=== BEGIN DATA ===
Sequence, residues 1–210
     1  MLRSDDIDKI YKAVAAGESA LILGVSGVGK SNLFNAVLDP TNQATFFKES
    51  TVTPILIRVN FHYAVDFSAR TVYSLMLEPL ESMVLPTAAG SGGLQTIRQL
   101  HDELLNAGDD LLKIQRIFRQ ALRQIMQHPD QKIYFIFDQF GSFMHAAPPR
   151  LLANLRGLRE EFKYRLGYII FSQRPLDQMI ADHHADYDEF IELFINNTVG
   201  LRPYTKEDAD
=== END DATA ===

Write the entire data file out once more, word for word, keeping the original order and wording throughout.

Sequence, residues 1–210
     1  MLRSDDIDKI YKAVAAGESA LILGVSGVGK SNLFNAVLDP TNQATFFKES
    51  TVTPILIRVN FHYAVDFSAR TVYSLMLEPL ESMVLPTAAG SGGLQTIRQL
   101  HDELLNAGDD LLKIQRIFRQ ALRQIMQHPD QKIYFIFDQF GSFMHAAPPR
   151  LLANLRGLRE EFKYRLGYII FSQRPLDQMI ADHHADYDEF IELFINNTVG
   201  LRPYTKEDAD